8. TRUE. It can be very hard to tell if something is critical or just appears serious momentarily, but if you’re ever unsure, it is best to check it out before things make a turn for the worst.

Thanks for visiting DocChat! Aim to get your First Aid training soon so you will be ready to save a life if need be!



Kitchen Safety Mini-Quiz

Are you a kitchen safety pro? Take a look at the statements below – are they true or false? Try to give the quiz a shot before looking at the answers below. You can write “T or F” for each number on a piece of paper and check your answers at the end! No scrolling down!

  1. Overcooking meat can contribute to kidney cancer.
  2. The ‘danger zone’ for food poisoning bacteria multiplication is 10˚F – 40˚
  3. Pre-cut fruits and veggies may harbour more bacteria than whole produce.
  4. You only have to wash your hands frequently when handling meat, not necessarily when handling produce.
  5. You have to smother a grease fire but an oil fire can be extinguished using liquid.



Don’t peek!





Keep scrolling….






  1. TRUE. When meat is cooked too long at high temperatures, two types of mutagenic chemicals from the animal’s muscles called heterocyclic amines (HCAs) and poly aromatic hydrocarbons (PAHs) are formed. According to the National Cancer Institute, lab rat studies have deemed these mutagenic chemicals carcinogenic. It seems PAHs and HCAs most contribute to kidney cancer.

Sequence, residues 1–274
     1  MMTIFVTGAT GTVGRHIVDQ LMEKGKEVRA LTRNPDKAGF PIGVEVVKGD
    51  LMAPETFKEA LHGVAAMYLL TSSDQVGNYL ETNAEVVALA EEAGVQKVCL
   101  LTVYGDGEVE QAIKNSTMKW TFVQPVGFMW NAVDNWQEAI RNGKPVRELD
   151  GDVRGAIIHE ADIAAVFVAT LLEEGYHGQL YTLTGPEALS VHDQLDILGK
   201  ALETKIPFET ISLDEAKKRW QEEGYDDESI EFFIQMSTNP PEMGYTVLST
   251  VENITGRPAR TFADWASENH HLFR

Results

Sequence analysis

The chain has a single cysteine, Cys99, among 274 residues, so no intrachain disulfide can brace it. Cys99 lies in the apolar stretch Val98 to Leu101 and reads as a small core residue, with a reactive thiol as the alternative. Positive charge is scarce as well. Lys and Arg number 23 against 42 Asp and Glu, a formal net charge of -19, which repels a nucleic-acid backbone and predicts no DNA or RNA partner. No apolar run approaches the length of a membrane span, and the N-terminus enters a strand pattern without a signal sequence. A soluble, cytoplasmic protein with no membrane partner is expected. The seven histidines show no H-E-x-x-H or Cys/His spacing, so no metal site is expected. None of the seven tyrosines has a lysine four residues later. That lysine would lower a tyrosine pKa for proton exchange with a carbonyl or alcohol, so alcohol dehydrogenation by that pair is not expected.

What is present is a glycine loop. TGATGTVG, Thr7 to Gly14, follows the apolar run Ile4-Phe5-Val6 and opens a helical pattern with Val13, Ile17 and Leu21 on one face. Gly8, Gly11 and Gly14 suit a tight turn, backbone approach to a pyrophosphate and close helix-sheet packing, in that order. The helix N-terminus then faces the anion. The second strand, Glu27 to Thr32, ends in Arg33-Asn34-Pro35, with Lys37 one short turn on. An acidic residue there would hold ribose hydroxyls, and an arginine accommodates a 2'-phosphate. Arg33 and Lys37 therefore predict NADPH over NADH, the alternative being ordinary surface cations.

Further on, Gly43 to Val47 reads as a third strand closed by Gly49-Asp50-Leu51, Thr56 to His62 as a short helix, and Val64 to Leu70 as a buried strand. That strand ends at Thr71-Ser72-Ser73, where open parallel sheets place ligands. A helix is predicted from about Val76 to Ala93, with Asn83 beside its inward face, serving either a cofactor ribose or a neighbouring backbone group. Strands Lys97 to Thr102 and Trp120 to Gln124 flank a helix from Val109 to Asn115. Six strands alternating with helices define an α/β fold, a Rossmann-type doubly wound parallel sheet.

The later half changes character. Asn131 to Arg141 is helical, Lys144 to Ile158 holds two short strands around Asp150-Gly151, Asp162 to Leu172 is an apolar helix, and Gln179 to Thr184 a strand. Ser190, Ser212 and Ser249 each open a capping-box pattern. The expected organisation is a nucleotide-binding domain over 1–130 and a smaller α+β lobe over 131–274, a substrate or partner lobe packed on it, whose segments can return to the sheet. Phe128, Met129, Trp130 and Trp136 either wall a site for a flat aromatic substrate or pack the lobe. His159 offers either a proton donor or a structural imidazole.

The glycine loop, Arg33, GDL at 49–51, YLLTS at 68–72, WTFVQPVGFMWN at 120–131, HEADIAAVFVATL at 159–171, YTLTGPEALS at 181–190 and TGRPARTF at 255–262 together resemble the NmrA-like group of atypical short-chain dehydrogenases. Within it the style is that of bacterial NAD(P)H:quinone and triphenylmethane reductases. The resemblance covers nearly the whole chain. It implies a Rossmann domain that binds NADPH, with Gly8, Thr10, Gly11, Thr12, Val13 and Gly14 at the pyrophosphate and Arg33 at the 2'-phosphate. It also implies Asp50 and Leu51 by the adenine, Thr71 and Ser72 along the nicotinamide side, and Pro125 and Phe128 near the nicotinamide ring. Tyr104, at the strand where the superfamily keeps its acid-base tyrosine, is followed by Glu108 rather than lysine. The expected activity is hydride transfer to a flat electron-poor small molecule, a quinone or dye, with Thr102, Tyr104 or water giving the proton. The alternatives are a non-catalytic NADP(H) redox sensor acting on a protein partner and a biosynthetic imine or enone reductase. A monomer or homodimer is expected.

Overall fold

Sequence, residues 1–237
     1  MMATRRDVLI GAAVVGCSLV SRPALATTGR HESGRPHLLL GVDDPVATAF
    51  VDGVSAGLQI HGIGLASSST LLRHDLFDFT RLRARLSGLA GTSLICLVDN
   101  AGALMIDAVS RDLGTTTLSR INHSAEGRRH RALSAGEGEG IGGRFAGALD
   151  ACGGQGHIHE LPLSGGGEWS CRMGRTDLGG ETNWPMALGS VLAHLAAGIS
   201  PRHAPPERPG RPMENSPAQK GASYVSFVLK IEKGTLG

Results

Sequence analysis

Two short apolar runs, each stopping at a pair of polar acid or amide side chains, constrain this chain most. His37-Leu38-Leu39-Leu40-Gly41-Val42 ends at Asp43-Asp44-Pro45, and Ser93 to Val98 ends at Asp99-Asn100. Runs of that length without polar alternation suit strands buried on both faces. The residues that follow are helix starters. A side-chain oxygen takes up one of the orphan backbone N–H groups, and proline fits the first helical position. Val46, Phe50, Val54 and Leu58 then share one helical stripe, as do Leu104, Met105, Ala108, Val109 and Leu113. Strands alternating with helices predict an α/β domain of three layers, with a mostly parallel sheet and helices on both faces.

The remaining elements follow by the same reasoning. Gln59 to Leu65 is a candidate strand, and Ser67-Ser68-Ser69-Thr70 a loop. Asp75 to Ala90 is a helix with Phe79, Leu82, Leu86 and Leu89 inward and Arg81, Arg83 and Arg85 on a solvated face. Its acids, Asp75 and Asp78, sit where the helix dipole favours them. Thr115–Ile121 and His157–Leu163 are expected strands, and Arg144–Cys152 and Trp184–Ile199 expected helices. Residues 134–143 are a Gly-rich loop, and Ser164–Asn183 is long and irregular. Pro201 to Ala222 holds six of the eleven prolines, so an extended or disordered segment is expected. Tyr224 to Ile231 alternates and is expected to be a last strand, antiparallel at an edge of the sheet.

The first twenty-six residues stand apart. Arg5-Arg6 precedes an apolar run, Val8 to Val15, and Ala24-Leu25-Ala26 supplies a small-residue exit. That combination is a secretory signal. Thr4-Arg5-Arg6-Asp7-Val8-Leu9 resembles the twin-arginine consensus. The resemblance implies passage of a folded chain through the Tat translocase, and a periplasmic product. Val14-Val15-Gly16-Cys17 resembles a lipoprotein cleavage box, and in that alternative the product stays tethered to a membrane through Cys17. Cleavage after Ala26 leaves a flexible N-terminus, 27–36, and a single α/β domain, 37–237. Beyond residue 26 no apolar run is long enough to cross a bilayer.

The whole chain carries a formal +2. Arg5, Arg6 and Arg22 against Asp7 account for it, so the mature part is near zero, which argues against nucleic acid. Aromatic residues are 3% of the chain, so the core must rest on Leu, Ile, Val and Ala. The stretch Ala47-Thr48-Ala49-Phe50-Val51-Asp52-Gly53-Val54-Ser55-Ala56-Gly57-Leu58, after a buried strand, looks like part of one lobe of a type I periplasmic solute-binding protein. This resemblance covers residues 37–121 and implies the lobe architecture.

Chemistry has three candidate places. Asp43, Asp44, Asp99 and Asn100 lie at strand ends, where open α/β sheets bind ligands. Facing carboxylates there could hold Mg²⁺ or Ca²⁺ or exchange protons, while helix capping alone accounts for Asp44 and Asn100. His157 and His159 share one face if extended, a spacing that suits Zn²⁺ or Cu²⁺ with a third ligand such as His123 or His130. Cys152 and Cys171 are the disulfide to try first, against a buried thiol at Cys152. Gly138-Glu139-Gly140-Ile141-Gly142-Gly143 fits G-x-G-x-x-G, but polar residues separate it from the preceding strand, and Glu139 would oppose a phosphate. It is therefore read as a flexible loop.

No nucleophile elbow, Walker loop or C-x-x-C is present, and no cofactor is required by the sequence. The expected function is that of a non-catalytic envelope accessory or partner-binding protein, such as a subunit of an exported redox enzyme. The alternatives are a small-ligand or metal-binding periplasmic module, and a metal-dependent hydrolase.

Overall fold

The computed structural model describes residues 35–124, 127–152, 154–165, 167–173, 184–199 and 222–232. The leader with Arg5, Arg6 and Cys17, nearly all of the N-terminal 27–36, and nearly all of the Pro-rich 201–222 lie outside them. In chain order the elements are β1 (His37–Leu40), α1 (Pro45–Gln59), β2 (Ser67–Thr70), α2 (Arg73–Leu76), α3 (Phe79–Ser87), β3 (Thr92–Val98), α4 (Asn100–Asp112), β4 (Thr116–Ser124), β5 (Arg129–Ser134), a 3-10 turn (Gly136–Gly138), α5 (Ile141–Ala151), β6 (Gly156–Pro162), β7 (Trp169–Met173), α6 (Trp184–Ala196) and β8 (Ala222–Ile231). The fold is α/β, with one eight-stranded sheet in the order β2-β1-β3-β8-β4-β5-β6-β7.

2. FALSE. The ‘danger zone’ is actually between 40˚ and 140˚ Fahrenheit because harmful bacteria present on food like meats can better multiply between these values. Therefor, it is just as important to keep cooked food above 140˚F after it is cooked (until consumed or safely refrigerated) as it is to safely thaw food before cooking.
  3. TRUE. Because pre-cut, pre-peeled or pre-washed produce may have been exposed to a dirty knife or come in contact with unclean surfaces before packaging it likely contains more harmful bacteria. That’s not to say don’t ever buy pre-prepared produce, just be sure to only buy the items that are packed in ice or appropriately refrigerated, refrigerate right away once home, and wash again before eating.
  4. FALSE. It is important to wash your hands (for 20 seconds with soap and warm water) before and after dealing with fresh fruits or veggies as well as when you are working with meat. While it is true you have to be extra careful when handling meat because of the surplus of harmful bacteria, produce also harbours bacteria from transport and store handling, also your hands may further contaminate the produce if you don’t make sure they are clean.
  5. FALSE. Both oil and grease cooking fires should be smothered using a metal lid, cooking glove or some kind of heat-resistant material. You can also use baking soda to smother a very small grease fire.

How did you do? Hopefully 5/5! Thanks for visiting DocChat! If you enjoyed this one, see how you’ll do on our recent, more thorough smoking quiz!